When you close your eyes and pray, what comes to mind?
Family, maybe, or good health. Perhaps good fortune — who couldn’t use a bit of luck? — or opportunity, or even just a little peace of mind.
For Joe Gibbs on Sunday at Daytona International Speedway, it was all of that bundled and swirled together in a single overwhelming memory: His late son, J.D. Gibbs, who passed away last month at 49 after a long struggle with a degenerative neurological disease.
Love. Loss. Life goes on.
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So when Denny Hamlin, one of Gibbs’ veterans at Joe Gibbs Racing — the driver J.D. personally discovered at Hickory Motor Speedway in the early 2000s, the driver who is dedicating the 2019 season to J.D., who insisted J.D.’s name be on that No. 11 car — pulled across the finish line to win his second Daytona 500, all that emotion came pouring out.
“I’m emotionally shot,” Joe Gibbs choked out seconds after the race ended. “It’s the most emotional, and the biggest, win I’ve ever had in my life in anything.”
That all actually started hours before Hamlin crossed the finish line, with a separate tribute to J.D. on the 11th lap of the 200-plus lap spectacle. Considering J.D. wore No. 11 both as a college football player at William & Mary and as a part-time Truck and Xfinity Series driver, it was the clear time to make some sort of tribute.
So on lap 11, all the JGR pit crew members went and stood near the wall at pit road, holding a banner with J.D.’s name on it. And at the same time, Gibbs stepped off to himself and closed his eyes in memory.
Just a father remembering his son.
“I don’t believe that just happened. I honestly believe it was...” Gibbs said, his voice trailing off before he continued. “I think the Lord looked down on us, and I know J.D. and everybody in my family was emotional.
“It was the most important night of my occupational life.”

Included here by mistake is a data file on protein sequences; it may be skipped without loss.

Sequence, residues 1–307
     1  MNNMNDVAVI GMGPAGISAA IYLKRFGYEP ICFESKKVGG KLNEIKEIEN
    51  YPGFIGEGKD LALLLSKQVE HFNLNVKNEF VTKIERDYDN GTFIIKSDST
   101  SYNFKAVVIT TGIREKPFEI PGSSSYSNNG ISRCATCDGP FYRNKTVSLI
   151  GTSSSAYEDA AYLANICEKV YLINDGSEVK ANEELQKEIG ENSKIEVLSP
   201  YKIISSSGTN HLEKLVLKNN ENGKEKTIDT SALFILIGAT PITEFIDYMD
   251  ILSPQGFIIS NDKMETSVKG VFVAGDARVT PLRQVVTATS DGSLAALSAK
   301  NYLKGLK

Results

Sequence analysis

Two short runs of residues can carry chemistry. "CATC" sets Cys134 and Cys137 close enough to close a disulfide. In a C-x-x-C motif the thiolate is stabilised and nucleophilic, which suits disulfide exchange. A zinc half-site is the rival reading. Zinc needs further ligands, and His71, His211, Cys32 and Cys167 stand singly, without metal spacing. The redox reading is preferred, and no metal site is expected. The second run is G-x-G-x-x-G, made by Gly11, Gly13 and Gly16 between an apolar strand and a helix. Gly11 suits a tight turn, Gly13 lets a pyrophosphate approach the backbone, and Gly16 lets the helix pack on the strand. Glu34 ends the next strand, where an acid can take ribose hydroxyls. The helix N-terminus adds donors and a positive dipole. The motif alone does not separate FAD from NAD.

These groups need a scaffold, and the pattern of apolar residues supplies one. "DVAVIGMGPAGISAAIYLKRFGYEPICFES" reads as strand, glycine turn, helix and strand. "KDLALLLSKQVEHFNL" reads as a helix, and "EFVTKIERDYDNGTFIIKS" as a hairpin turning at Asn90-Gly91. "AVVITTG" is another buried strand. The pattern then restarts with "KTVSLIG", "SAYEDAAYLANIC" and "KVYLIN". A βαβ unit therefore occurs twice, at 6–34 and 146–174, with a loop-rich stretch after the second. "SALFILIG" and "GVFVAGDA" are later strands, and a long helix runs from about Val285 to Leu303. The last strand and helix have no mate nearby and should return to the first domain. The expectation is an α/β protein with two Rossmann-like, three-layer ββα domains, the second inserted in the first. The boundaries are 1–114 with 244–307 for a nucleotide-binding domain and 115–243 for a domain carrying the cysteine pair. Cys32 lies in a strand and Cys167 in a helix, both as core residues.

As for the actual race itself, it was a perfect display of the talent that so attracted J.D. to Hamlin all those years ago. For a relatively tame first 190 laps, the last 10 featured three massive race-altering wrecks, with practically half the field unable to finish the race.
Hamlin, though, went unscathed.
“We just were fortunate to really be up front at the right time to avoid those,” Hamlin said. “I mean, we were really one row in front of all the mayhem the entire time at the end.”
After surviving all that chaos, the end of the race came down to Hamlin and JGR teammate Kyle Busch. Hamlin had his choice of where to line up, having been in the lead at the time of the third and final wreck, and so the two struck up a deal: Busch would let Hamlin take the outside line (which Hamlin preferred), and then drop down in front of him on the bottom once he had the lead. Even with reigning Cup Series champion Joey Logano close on both their rear bumpers, it was exactly what Hamlin would have dreamed up.
“When he gave me the top, I literally was doing a little cheer in my mind,” Hamlin said. “My playbook said always choose the top, no matter what, no matter who’s behind you.’”
By the time Hamlin dropped down in front of Busch, he had more than enough cushion to seal his second Daytona 500 victory.
Other than the obvious emotional significance of Sunday night, this win did mean so much to so many. Gibbs, who won three Super Bowl championships as Washington’s head coach, now also had his third Daytona 500 ring. For Hamlin, who went winless in 2018 and is the winningest active driver without a championship, it was a welcome reminder that his best days in NASCAR aren’t behind him. Crew chief Chris Gabehart earned his first Cup Series victory in his first race as head man.
But more than any of that, this night was for the one man not here to enjoy it.
So of course, as soon as he stepped out of his smoking race car, that’s all Hamlin could say:
“This one’s for J.D.”